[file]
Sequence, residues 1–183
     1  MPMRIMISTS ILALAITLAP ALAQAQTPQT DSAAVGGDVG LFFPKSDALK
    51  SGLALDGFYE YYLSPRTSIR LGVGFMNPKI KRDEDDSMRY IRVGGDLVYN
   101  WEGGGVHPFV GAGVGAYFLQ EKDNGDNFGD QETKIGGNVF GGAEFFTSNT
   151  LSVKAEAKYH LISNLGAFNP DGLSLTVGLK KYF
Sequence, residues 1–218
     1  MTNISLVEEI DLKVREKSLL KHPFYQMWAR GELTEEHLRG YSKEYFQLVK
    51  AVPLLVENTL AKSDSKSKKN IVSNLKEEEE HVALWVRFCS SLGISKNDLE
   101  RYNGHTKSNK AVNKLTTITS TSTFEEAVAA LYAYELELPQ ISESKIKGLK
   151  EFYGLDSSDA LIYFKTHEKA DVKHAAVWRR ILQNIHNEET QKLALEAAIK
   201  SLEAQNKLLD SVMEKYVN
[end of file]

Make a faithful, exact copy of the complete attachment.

Sequence, residues 1–183
     1  MPMRIMISTS ILALAITLAP ALAQAQTPQT DSAAVGGDVG LFFPKSDALK
    51  SGLALDGFYE YYLSPRTSIR LGVGFMNPKI KRDEDDSMRY IRVGGDLVYN
   101  WEGGGVHPFV GAGVGAYFLQ EKDNGDNFGD QETKIGGNVF GGAEFFTSNT
   151  LSVKAEAKYH LISNLGAFNP DGLSLTVGLK KYF
Sequence, residues 1–218
     1  MTNISLVEEI DLKVREKSLL KHPFYQMWAR GELTEEHLRG YSKEYFQLVK
    51  AVPLLVENTL AKSDSKSKKN IVSNLKEEEE HVALWVRFCS SLGISKNDLE
   101  RYNGHTKSNK AVNKLTTITS TSTFEEAVAA LYAYELELPQ ISESKIKGLK
   151  EFYGLDSSDA LIYFKTHEKA DVKHAAVWRR ILQNIHNEET QKLALEAAIK
   201  SLEAQNKLLD SVMEKYVN